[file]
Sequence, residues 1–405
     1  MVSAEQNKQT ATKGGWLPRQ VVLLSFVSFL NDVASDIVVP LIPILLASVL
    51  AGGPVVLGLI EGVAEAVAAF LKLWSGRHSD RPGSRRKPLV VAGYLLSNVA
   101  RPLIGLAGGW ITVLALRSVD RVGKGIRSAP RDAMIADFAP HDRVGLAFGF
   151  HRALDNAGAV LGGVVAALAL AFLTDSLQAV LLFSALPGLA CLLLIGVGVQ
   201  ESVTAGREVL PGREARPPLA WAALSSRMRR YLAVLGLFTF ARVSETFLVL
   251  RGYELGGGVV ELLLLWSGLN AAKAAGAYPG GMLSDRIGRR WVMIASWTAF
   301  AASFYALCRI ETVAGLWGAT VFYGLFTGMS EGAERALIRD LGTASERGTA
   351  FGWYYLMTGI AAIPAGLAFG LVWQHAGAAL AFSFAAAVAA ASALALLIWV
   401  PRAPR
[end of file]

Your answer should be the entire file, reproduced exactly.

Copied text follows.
Sequence, residues 1–405
     1  MVSAEQNKQT ATKGGWLPRQ VVLLSFVSFL NDVASDIVVP LIPILLASVL
    51  AGGPVVLGLI EGVAEAVAAF LKLWSGRHSD RPGSRRKPLV VAGYLLSNVA
   101  RPLIGLAGGW ITVLALRSVD RVGKGIRSAP RDAMIADFAP HDRVGLAFGF
   151  HRALDNAGAV LGGVVAALAL AFLTDSLQAV LLFSALPGLA CLLLIGVGVQ
   201  ESVTAGREVL PGREARPPLA WAALSSRMRR YLAVLGLFTF ARVSETFLVL
   251  RGYELGGGVV ELLLLWSGLN AAKAAGAYPG GMLSDRIGRR WVMIASWTAF
   301  AASFYALCRI ETVAGLWGAT VFYGLFTGMS EGAERALIRD LGTASERGTA
   351  FGWYYLMTGI AAIPAGLAFG LVWQHAGAAL AFSFAAAVAA ASALALLIWV
   401  PRAPR